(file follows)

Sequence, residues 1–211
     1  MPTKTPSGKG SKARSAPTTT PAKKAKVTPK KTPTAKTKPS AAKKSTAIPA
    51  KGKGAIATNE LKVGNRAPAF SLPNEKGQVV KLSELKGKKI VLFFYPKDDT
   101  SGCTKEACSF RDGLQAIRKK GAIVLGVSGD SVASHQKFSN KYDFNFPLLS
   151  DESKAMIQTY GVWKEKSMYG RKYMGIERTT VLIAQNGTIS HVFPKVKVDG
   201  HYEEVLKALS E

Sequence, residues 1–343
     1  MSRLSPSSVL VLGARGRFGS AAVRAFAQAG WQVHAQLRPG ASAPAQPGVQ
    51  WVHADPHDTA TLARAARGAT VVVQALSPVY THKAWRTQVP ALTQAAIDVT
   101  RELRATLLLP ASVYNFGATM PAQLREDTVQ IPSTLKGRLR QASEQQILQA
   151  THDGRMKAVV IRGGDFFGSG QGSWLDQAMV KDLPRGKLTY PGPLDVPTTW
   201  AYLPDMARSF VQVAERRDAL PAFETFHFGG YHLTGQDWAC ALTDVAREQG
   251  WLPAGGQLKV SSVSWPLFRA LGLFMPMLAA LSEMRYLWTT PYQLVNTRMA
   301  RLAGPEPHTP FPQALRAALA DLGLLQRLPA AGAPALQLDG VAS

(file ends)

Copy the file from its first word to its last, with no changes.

Sequence, residues 1–211
     1  MPTKTPSGKG SKARSAPTTT PAKKAKVTPK KTPTAKTKPS AAKKSTAIPA
    51  KGKGAIATNE LKVGNRAPAF SLPNEKGQVV KLSELKGKKI VLFFYPKDDT
   101  SGCTKEACSF RDGLQAIRKK GAIVLGVSGD SVASHQKFSN KYDFNFPLLS
   151  DESKAMIQTY GVWKEKSMYG RKYMGIERTT VLIAQNGTIS HVFPKVKVDG
   201  HYEEVLKALS E

Sequence, residues 1–343
     1  MSRLSPSSVL VLGARGRFGS AAVRAFAQAG WQVHAQLRPG ASAPAQPGVQ
    51  WVHADPHDTA TLARAARGAT VVVQALSPVY THKAWRTQVP ALTQAAIDVT
   101  RELRATLLLP ASVYNFGATM PAQLREDTVQ IPSTLKGRLR QASEQQILQA
   151  THDGRMKAVV IRGGDFFGSG QGSWLDQAMV KDLPRGKLTY PGPLDVPTTW
   201  AYLPDMARSF VQVAERRDAL PAFETFHFGG YHLTGQDWAC ALTDVAREQG
   251  WLPAGGQLKV SSVSWPLFRA LGLFMPMLAA LSEMRYLWTT PYQLVNTRMA
   301  RLAGPEPHTP FPQALRAALA DLGLLQRLPA AGAPALQLDG VAS